The symposium was marked by an even clearer sense of this underlying desire to expunge the political and with it the real importance of Said’s work. The rabble would have been kept out by the 35 quid tariff. Most of the invited speakers had too much of a stake in institutionalised art history to voice concern about the agenda being advanced. Kamran Rastegar, whose article promoting the exhibition in ‘History Today’ is being sold in the Tate bookshop, maintained polite silence. Charles Small spent so long thanking the organisers for being invited to speak that his propagandistic and hysterical prophecies about an impending holocaust in Middle East ran well over his allotted time. We would do well to consider why an outlandishly extreme rant casting the Muslim Middle East as homogenously mired in bigotry was the only explicitly political statement about contemporary global affairs voiced all day. Small’s repeated calls for action ‘before it’s too late’ to prevent ‘a holocaust’ in Iran stopped short of demanding military intervention, but only just.

It was left to Zia Sardaar in the final panel discussion to ask why the exhibition had been called The Lure of the East when its purported objective is to demonstrate that the works in question rise above the kinds of crude exotica we have come to associate with colonial travel art. Christine Riding’s perplexing justification (‘It took us two years to come up with that name!’) merely underlined the gap between the art establishment and anyone this exhibition might offend. Like a supermarket that solicits local community groups’ feedback after it bull dozes the local playground, this discussion was an exercise in ‘consultation’ that should have taken place before the important decisions had were made.

Even so, it eventually laid bare the impulses behind the project when Sardaar asked the unthinkable: ‘Was there a nationalist agenda behind this exhibition?’ Once more, Riding took us straight to the heart of the matter, unwittingly undermining the angry denial of curator Nicholas Tromans with an honest response to complaints of exceptionalism: ‘This is the Tate Britain!’ The mask, with this admission, slipped. There we all were, blowing hot air about the Middle East and Islam when the principle Other being constructed here was France. What’s more, we were being told that questioning the value of this project was somehow naïve; that art historical nationalism should be seen as axiomatic: whatever else did you expect old boy? (‘This is the Tate Britain’).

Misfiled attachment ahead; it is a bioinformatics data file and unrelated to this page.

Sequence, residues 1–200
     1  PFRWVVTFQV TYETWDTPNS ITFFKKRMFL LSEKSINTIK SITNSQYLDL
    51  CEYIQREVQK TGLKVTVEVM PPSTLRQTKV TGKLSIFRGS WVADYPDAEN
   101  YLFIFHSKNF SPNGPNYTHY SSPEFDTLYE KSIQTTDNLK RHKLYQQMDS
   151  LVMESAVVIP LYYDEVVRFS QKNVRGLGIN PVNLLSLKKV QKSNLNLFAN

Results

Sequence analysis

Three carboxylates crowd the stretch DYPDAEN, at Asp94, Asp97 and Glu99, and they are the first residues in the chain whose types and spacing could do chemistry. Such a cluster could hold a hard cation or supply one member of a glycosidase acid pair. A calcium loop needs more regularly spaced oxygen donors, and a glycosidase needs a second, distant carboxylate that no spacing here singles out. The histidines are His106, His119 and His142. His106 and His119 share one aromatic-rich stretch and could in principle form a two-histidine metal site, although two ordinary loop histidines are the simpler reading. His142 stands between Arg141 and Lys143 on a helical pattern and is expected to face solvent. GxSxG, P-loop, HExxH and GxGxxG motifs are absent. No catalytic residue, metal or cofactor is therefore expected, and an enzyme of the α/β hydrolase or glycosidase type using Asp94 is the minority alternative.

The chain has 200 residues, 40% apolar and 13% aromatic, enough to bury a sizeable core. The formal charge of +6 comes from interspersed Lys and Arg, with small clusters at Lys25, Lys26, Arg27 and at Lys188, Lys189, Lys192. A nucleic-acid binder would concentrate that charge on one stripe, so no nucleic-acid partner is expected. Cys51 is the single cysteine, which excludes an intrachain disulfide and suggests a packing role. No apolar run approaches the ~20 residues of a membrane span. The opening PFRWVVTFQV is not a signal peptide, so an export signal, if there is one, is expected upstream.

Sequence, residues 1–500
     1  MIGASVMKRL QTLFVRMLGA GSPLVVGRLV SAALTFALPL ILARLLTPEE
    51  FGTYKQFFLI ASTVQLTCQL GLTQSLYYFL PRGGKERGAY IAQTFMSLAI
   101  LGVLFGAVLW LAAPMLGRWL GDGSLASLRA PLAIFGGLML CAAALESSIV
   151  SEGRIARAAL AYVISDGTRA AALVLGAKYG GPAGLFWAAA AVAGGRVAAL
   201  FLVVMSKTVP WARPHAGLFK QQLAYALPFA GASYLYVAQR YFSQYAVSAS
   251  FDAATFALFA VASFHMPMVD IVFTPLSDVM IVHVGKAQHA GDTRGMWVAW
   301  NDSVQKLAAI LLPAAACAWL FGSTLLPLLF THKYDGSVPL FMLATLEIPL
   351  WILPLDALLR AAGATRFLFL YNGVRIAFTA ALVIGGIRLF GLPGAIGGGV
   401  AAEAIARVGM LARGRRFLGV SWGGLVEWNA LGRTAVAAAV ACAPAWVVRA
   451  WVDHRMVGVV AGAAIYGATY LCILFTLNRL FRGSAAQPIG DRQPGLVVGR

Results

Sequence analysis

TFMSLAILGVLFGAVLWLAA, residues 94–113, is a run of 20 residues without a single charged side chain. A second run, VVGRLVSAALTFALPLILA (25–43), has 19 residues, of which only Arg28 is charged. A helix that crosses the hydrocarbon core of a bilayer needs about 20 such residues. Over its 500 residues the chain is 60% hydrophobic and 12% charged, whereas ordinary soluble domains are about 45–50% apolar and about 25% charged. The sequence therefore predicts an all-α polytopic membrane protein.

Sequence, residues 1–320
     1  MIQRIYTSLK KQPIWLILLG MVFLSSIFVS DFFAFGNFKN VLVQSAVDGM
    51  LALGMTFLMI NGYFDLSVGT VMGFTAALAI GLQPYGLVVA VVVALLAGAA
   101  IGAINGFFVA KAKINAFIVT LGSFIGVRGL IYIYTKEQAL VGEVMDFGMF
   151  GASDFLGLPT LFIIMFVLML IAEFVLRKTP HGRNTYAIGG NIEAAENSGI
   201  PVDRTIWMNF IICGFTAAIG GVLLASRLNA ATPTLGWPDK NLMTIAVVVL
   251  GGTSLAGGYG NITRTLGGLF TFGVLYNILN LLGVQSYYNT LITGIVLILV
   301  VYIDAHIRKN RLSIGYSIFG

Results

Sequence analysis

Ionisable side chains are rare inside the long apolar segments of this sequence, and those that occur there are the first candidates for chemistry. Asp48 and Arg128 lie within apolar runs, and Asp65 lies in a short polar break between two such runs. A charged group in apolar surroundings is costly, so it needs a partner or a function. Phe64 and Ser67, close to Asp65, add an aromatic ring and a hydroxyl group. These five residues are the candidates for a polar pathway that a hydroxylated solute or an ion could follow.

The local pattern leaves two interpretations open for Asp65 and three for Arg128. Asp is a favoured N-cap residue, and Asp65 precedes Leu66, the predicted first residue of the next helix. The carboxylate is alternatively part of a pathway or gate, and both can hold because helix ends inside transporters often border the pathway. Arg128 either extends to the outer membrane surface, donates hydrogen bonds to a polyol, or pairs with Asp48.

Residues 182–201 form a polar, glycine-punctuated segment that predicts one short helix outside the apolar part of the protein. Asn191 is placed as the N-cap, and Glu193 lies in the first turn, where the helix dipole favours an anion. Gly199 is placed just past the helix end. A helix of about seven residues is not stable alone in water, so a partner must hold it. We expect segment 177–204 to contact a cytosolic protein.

One of only two non-British European works included, the inclusion of Gérôme’s 1871 carefully selected lascivious depiction of a Cairo slave market underlines what we are being asked to believe is a fundamental moral and aesthetic difference between French (bad) and British (good) Orientalism. We have heard this kind of argument before, of course, in discussions of colonial history, where apologists of British colonialism contrast violent decolonisation in Algeria with the British quietly packing their bags and leaving India (while remaining silent on key examples and equivalents that undermine this argument).

Parallel claims about the differences in British and French Orientalist painting may have more validity. But they cannot be assessed on the basis of the apples and orange-like comparison we are presented with here: the misleading classification of portraits of Orientalist travellers as ‘Orientalist portraits’ (together with their prominent display in the first room) urges the visitor to view the works that follow in isolation from their European equivalents, creating a national category that seems in considerable measure imposed by the curators.

In so far as they do appear to establish stylistic and substantial differences in British and French depictions of the East, it is far from obvious that highlighting these will have the desired national-ego boosting effect: comparison is anything but flattering. Whatever insights it undoubtedly contains into the formation of a certain kind of bourgeois Victorian traveller’s identity, and whatever (minimal) technical innovations and thematic developments Orientalism may have helped usher into to wider art practice, much of that which is on display here is simply dull when one considers what else was going on in terms of artistic production in Europe in the 19th and early 20th centuries: tedious portraits of travellers; yawnsome religious art and mediocre landscapes.